There’s usually anger. In this case the cause of death was not wearing a seatbelt and driving too fast. Why was the person so stupid?

There’s shock of course. And most of all there’s regret that you spent less time than you wished with them.

If I’m totally honest,  I admit that people probably spend about as much time with each other as they really want to. The problem isn’t that death cuts it short but that we prioritize the wrong things or just neglect the ones that are more difficult. And the truth is, if it were me who died, other people would feel like they should have spent more time with me.

And maybe they should have, or should really. But I wouldn’t blame them all that much that they didn’t because that’s the way life is. We don’t always get the chance to do all that we think we should. We’re human and we miss what’s right in front of us, or what’s far away from us and yet very real.

This may sound like I’m taking a cynical view of this, but I’m not, I’m trying to avoid the common mistake of thinking that knowing this was coming would have made anyone different. It should make us different anyway, but I’ve never liked the idea of being nice to people because you fear death.

The fact is, death may be a wake up call for some, but for many it’s a shadow. One that will go away in time if we heal in the right way, but one people often cling to as their new normal.

The important thing is not to focus on death and how it’s a possibility, because it always was, and it’ll ruin your life to be always thinking of it.

The thing to think of is how everyone’s life is so short, but no one’s is meaningless.

I didn’t know this person who died all that well, I wish I had, but at least some people did. It is better to find out that someone was an amazing person than to find out that they did no one any good.

What I have learned is that there is more to people than you can know based on a slim acquaintance. Even if you are able to judge one part of their character, there may be another part you knew nothing about. If that makes me a little less quick to assume in the future then that’s a good thing.

But I don’t expect it to completely change my own character, and I’m not foolish enough to try that, only One person’s death can change someone’s character in that radical way.

Maybe you were expecting a different post, and for all I know, this just sounds like the typical way people try to comfort themselves after a tragedy, and perhaps that’s what it is.

Perhaps, also, that’s fine because grief is typical in life.

I am not afraid to die myself, I am only afraid to die before I’ve really helped anyone or changed anything, or done something that was important and unselfish and brought God the glory.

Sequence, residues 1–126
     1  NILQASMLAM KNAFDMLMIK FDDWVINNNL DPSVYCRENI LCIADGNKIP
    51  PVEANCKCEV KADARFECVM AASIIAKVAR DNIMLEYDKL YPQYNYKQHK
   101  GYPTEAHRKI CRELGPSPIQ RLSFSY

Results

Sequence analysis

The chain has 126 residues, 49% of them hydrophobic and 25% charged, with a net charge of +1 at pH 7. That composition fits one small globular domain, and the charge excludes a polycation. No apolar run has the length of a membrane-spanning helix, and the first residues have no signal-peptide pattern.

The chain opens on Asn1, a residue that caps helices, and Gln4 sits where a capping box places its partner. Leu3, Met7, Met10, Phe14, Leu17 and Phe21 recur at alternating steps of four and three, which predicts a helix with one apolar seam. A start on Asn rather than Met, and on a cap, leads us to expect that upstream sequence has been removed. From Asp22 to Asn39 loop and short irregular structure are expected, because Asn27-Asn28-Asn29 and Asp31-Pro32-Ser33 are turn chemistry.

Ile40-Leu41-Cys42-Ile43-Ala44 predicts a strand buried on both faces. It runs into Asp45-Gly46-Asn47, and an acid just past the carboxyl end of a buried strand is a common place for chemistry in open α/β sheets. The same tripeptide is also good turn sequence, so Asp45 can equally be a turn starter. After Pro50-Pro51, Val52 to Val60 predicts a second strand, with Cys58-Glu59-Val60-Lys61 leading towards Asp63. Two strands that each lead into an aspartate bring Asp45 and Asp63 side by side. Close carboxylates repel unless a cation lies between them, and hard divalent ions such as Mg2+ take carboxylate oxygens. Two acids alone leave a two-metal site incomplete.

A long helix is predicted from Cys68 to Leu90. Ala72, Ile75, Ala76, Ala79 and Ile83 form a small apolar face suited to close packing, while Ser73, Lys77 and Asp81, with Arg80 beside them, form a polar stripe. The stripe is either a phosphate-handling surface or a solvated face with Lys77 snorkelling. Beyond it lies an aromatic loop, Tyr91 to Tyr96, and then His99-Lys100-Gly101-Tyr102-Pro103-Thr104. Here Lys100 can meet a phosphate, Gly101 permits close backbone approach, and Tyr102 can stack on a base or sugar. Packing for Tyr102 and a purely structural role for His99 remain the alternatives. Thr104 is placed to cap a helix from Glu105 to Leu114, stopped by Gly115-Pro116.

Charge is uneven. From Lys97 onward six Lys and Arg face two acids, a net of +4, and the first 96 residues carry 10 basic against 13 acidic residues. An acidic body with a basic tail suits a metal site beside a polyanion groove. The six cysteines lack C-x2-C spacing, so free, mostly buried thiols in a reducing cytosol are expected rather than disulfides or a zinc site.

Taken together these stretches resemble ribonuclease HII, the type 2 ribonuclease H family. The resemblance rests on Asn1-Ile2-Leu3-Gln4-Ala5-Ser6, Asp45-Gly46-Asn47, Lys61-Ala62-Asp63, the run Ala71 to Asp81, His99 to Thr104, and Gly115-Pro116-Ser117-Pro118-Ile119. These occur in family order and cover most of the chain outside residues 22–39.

I know what kind of person I want to be before I die, but I don’t feel like I’m anywhere near close enough to being her.

And I don’t know how well my family member was satisfied with his life, not too well from what I’ve heard, but he couldn’t see the incredible person he was destined to be.

I guess it’s not where you are now so much as where you’re going to be, sooner or later, and with many bumps along the way.

As many times as I have heard the above said, it’s so easy to forget and think the present is our permanent state of being. It’s not. Things will get worse or better, they will never stay just the same.

Worse or better will alternate, but the overall effect is up to you and what you want to believe in.

And those are my thoughts on this for now. Until next time–Natasha.

Avatar

I’m breaking from my new series to catch up on my film reviews.

Also, I realized today that it is nearly the two-year anniversary of this blog. I’ve grown from two followers to forty one. This is pretty cool.

Anyway, to the review:

I am not talking about the show Avatar, I’ve never seen it. I’m talking about the movie that kind of went under the radar.  I remember first seeing commercials for it and thinking it looked cool. Blue aliens, they aren’t usually my thing, but it was an interesting concept.

And I finally got a chance to watch it.

The story is about a man named Jake Sully, who is an ex-marine, and has lost the use of his legs, but thanks to being a twin and having the same DNA of his dead brother, he is able to replace him in an experimental program that will use his soul and mind into the body of a human/alien being, and allow him to infiltrate their culture and find out how to get the valuable metal they have in their forest. Unobtainium. (That name was said with a straight face throughout the entire movie.)

Creepy sounding right? But once you get over the initial weirdness and your mind adjusts to the idea of a man being inside a large blue thing with a tail, it’s not so bad.